Could it be a happy one-year anniversary for Square?
Since its debut on the public markets last year, the payments firm headed by the ubiquitous Jack Dorsey has had a rough go of it, at least as the stock price has been concerned, bowing at $12 and change, heading to nearly $16, crashing to $8 and round-tripping to a recent $11. And all that time, the firm has been bleeding red ink.
But Tuesday (Nov. 1), the numbers seemed to tell a story that investors, who bid the stock up nearly 5 percent after-hours, liked. Simply put, Square beat its own guidance on various metrics. The firm also felt confident enough to boost guidance for the remainder of the year.
Broadly speaking, the firm said that gross payments volumes gained 39 precent to $13.2 billion year over year and up sequentially from $12.5 billion. That helped translate to a total top line for Square of $439 million, versus The Street at $430 million, and that was a 32 percent gain since last year. The bottom line was red this time around, as has been the trend. The net loss per share was nine pennies, lurching ever closer to break-even compared to a loss of $0.35 in the year-ago third quarter. For the period that just ended, analysts’ consensus had been at $0.11 in net losses.
Drilling down into the numbers a bit, gross payments volume from relatively larger sellers was up 55 percent year over year, and that shows good traction on the firm’s stated goal to get scale into the larger sellers. The margin pressure that has been a worry among some observers on The Street did not seemingly hold sway in the latest period (as narrowing losses showed). As a percentage of transactions that come through the company’s processing business, Square said that 43 percent of sales come from merchants boasting annual sales of $125,000 or more. That compares favorably with the 37 percent contribution a year ago.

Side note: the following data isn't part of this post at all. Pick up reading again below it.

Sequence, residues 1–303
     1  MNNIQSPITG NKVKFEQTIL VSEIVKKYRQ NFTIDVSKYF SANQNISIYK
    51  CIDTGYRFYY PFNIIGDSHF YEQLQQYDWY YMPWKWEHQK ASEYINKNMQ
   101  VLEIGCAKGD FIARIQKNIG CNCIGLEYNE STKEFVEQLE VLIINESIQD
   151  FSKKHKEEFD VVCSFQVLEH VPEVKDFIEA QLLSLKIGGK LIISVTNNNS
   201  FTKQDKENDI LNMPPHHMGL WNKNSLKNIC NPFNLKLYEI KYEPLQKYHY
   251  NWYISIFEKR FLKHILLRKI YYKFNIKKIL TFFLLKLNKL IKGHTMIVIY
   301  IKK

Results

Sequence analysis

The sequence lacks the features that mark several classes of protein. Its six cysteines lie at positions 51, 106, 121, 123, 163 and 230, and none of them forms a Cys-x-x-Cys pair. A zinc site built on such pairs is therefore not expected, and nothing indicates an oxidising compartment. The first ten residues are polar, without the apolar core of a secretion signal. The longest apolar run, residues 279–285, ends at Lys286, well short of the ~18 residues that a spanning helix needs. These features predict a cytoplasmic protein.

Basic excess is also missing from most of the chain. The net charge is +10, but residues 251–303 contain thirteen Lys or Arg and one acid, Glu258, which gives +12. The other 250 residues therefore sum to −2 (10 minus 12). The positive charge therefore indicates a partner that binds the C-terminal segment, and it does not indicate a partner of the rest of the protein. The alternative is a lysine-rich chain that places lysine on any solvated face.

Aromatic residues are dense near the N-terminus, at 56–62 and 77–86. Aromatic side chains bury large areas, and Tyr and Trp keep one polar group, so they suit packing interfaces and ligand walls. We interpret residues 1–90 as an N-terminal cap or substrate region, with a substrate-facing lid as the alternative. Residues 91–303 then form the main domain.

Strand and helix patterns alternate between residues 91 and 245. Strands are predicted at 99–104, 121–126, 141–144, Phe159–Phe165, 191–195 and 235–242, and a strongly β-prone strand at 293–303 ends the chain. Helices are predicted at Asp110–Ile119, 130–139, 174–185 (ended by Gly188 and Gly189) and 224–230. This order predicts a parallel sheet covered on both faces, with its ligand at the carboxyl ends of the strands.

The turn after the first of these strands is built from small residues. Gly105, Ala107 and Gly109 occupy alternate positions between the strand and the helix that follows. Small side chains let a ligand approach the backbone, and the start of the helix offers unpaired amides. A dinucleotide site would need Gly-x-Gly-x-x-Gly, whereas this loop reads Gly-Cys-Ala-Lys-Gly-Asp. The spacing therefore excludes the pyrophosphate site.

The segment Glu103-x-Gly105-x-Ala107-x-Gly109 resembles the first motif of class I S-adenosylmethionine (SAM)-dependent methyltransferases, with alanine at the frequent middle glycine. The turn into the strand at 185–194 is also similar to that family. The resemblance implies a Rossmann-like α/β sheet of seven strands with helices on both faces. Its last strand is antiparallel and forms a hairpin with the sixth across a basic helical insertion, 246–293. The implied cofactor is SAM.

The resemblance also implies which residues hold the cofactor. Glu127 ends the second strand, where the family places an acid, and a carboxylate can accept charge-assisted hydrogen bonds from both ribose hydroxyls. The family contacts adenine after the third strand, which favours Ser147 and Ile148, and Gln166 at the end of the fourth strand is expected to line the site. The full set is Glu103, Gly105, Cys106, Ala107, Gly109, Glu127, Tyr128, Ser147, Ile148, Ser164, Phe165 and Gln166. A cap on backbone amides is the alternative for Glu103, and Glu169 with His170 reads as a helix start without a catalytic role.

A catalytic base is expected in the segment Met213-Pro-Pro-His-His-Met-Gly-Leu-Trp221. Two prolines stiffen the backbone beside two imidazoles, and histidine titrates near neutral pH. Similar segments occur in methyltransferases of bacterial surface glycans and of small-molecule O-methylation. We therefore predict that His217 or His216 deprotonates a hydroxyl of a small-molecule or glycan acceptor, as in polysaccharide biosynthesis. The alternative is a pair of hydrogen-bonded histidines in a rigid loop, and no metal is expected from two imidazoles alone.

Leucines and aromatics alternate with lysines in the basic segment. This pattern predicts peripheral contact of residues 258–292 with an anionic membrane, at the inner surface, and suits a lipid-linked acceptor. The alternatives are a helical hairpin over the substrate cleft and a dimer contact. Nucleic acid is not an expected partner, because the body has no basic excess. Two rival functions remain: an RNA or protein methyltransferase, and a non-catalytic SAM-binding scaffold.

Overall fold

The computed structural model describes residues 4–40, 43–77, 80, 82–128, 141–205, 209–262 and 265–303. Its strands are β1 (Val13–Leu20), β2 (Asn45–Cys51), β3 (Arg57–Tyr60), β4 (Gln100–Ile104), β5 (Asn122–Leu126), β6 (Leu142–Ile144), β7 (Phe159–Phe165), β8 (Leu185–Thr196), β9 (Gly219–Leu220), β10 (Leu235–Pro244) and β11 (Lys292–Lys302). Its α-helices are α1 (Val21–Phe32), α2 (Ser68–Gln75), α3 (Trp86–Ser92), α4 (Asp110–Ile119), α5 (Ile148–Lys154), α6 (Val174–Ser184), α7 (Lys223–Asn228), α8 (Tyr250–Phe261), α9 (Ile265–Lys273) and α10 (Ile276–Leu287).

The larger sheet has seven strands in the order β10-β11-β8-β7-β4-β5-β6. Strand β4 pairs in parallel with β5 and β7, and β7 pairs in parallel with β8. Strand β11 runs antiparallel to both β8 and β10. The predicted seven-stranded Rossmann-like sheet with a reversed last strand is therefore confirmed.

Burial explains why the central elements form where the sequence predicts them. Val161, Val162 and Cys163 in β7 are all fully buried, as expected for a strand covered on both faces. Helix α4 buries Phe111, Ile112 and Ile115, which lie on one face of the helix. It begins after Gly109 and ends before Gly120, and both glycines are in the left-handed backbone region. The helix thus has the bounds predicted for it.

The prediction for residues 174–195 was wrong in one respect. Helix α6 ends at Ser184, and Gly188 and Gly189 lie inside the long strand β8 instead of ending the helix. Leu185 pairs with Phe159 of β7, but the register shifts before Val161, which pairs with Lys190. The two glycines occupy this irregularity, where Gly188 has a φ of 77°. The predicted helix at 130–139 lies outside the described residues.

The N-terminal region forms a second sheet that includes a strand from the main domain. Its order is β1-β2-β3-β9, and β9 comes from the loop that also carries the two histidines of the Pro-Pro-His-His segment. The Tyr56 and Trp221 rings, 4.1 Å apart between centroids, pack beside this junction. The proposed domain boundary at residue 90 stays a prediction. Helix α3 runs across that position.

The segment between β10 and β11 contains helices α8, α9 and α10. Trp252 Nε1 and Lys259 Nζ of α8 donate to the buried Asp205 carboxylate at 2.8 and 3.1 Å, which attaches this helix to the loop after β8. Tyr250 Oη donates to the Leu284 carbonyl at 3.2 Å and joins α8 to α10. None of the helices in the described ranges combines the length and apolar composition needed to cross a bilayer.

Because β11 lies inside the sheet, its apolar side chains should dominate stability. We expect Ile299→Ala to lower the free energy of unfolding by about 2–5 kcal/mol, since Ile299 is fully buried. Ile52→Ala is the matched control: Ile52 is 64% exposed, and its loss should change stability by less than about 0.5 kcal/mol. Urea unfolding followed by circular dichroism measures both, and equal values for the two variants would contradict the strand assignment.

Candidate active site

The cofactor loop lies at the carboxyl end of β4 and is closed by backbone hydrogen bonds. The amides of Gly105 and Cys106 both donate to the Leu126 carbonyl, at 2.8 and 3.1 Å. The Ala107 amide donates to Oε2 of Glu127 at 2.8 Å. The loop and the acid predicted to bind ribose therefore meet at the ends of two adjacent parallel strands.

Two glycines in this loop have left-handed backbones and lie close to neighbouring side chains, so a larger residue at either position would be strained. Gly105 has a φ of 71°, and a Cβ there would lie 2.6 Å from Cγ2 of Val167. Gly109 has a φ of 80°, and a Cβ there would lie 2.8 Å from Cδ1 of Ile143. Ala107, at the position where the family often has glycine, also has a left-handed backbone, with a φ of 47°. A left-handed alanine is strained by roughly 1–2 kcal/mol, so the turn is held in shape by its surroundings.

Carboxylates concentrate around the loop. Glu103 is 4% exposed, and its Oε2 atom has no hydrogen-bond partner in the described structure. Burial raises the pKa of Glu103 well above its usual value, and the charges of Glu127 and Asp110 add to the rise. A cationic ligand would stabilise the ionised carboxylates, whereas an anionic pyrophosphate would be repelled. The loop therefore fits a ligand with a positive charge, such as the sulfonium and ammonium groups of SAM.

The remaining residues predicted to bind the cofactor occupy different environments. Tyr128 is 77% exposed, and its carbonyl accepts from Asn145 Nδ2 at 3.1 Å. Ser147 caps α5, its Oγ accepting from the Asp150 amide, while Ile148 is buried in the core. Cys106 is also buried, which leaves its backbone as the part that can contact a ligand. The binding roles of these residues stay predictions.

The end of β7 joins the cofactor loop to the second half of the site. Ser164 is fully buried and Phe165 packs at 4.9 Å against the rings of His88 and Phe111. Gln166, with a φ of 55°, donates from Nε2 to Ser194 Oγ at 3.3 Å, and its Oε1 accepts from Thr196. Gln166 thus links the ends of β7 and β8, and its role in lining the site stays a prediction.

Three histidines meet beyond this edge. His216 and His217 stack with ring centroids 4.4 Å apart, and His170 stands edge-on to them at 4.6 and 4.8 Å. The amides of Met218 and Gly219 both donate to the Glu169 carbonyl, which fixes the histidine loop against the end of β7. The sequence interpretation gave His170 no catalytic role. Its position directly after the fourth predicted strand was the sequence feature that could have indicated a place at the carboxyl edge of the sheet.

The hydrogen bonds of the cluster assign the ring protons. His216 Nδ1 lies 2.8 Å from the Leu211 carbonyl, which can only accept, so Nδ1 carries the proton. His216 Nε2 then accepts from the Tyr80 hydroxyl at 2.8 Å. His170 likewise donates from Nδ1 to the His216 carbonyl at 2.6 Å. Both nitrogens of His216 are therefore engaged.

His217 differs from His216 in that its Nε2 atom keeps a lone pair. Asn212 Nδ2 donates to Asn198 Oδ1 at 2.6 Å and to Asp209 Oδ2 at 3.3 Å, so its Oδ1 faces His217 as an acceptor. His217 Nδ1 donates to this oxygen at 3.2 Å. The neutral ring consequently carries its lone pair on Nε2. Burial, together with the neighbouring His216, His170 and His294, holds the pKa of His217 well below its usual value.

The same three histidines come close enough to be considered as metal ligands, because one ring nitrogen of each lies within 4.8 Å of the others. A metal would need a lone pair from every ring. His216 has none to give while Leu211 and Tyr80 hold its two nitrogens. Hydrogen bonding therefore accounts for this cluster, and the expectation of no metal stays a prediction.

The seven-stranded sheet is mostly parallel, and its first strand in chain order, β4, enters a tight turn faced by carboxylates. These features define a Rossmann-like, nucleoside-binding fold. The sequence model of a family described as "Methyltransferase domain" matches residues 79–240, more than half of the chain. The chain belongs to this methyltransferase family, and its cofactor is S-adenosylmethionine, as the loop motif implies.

And in a spate of new features, the firm said it is adding scheduled deposit offerings and registered cards on files. As for EMV transactions speed, that has been winnowed down to just over four seconds from nearly six seconds, the firm said in its shareholder letter on Tuesday.
Management also called out growth within Square Capital, the cash advance and loan operation, which was up 70 percent, and that came across 35,000 loans with a total volume of $208 million. Heady growth but down sequentially compared to 123 percent seen in the second quarter of this year. The firm later said that it has extended more than $1 billion, cumulatively, to more than 100,000 businesses.
But then again, this has been no easy year for new leaders to come to market, amid bad press and regulatory scrutiny bearing down on the industry at large.
And, said CFO Sarah Friar, borrowers are returning to the well for loans (and the firm has loaned $1 billion since the capital business launched two years ago). As for its delivery service known as Caviar, in the past two years, said management, volume has grown by 11 times cumulatively. All of this contributed to software revenues that were up 140 percent year over year to $35 million in the third quarter.
The quarter was good enough for Square to boost its revenue forecast for the year to a range of $1.69 billion–$1.70 billion, whereas once that tally had been $1.63 billion–$1.67 billion. The Street had been looking for $1.68 billion.